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Start Licensing’s Ian Downes shines a spotlight on a partnership between Farrow & Ball and Liberty around a curated paint collection.
Farrow & Ball is a company I’ve always been impressed by. Indeed, I have a lot of Farrow & Ball paint on my walls at home. It’s a brand that has enjoyed a lot of success and has a high profile within the home decoration sector, but one that has managed to build awareness beyond its core market. This has been in large part I think due to the careful curation of their own brand, their communications programme and, of course, the quality of their product.
Recently they let the TV cameras into their business. The resulting documentary, Inside The Posh Paint Factory, is a fascinating watch giving a great insight into the company’s operation and approach to paint-making. One aspect that was particularly interesting was the process of coming up with names for their paint, although – spoiler alert – the Farrow & Ball team chose not to reveal the story behind the naming of the Elephant’s Breath paint.
During the documentary there was reference to Farrow & Ball’s licensing partnership with the Natural History Museum. They have developed a Colour by Nature collection together.
Further back into Farrow & Ball’s history, The National Trust has been a key feature of their development and they have worked closely with the heritage brand, although the current licensee for National Trust paints is Little Greene.
The TV programme made the point that the (stiff)key to Farrow & Ball’s success has been their involvement in the world of heritage and an appreciation of heritage – something their earlier links with the National Trust helped nurture. Clearly licensing and partnerships can help underpin this further. So, I guess it was no surprise to see Farrow & Ball launch a new collection recently in conjunction with Liberty.
I spotted the collection in my local branch of Brewers Decorator Centres. My eye was drawn to a well-presented window display featuring the collection and this was a reminder of the care that Farrow & Ball take to present their product at retail. Of course, in this case, this would have been developed in conjunction with Liberty, a company who know a thing or two about the long-term curation of a brand themselves.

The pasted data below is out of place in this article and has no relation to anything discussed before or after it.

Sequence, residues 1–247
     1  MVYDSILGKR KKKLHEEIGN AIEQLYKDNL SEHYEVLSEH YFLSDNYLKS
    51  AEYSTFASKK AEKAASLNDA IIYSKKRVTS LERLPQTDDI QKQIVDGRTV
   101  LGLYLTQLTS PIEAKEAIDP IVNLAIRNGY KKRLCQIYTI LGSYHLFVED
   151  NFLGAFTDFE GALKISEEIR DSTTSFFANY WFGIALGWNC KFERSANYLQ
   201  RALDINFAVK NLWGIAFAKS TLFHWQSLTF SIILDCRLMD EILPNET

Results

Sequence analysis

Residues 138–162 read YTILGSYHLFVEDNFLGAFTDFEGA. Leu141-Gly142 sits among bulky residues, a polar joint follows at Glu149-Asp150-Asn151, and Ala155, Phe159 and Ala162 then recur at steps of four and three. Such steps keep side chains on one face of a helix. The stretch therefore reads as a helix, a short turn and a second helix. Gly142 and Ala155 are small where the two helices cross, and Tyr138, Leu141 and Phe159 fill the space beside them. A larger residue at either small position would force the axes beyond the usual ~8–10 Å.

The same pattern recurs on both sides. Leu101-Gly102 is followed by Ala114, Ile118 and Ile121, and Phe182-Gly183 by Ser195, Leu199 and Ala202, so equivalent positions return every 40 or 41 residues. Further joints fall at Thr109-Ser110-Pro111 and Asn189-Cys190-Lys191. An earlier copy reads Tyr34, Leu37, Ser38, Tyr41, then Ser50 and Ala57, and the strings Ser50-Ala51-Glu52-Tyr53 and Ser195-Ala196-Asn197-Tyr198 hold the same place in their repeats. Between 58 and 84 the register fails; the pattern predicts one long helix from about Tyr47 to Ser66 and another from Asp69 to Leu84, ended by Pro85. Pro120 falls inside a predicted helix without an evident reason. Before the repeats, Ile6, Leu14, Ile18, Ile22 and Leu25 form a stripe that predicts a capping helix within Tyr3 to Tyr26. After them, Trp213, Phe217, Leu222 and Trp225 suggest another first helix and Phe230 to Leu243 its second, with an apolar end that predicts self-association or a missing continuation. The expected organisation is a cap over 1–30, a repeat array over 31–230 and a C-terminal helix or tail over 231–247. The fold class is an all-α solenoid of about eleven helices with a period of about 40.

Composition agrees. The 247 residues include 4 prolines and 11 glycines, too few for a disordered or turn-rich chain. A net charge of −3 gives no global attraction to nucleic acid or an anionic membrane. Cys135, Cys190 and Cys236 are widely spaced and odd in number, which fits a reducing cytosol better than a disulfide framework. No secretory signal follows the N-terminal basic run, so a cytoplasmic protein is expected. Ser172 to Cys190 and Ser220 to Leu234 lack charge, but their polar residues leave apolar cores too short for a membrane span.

Liberty is well known for its prints, fabrics and design. It was founded in 1875 and has an illustrious history. Liberty have also often dipped into the world of licensing with a range of products and partnerships over the years.
This partnership is described as an ‘edit’. It brings together paint colours from Farrow & Ball and Liberty Interior Fabrics from the Modern Collector range. As noted by the range’s colour card, ‘These colours and prints create a timeless series that pays homage to each brand’s archive.’
The partnership is pitched I think to help inspire consumers and to give them fresh inspiration in terms of interior decorating with a focus on combining colour and print around the room. An edit also conveys a sense of confidence. Farrow & Ball place a heavy emphasis on their product and category knowledge.
There are a series of sample pots of signature Farrow & Ball colours decorated with three patterns from the Modern Collector Range of Liberty Interiors Fabrics: Persian Voyage, Poppy Meadowfield and Wiltshire Blossom. The pots make quite a visual impression and a great showcase for the Liberty patterns. The edit features 15 shades from the Farrow & Ball Archive collection and these are matched with complementary interior fabrics from Liberty.
Suggestions and combinations include Farrow & Ball Olive coupled with Liberty’s Poppy Meadowfield Pewter Blue and Farrow & Ball’s Pantalon matched with Liberty’s Wiltshire Blossom Lapis Dark. It is a very creative and imaginative partnership that plays to each brand’s strength and of course heritage.
To help guide consumers and double up on inspiration, the partnership is underpinned with a plentiful supply of location photography which has been featured in magazines and across social media.
Partnerships like this are ones that help create media interest and arguably this is part of the rationale for developing edits like this. It also helps both brands reinforce their brand heritage and stories.
Joa Studholme, Farrow & Ball’s colour curator picked up on this point, stating: “Each of our Archive colours is greatly treasured – many customers consider them hidden jewels, which makes them very appealing. Others take comfort in knowing that a favourite colour used to decorate one’s home years ago is still readily available today. Each one is as loved now as when it was first created.”
Likewise, for Liberty this is an exciting way of reinforcing their credentials and from a practical point of view, shines a light on some of their classic patterns. It is a really great example of two well-known and successful brands collaborating in a progressive way. By working together, both brands are achieving great impact in the market.
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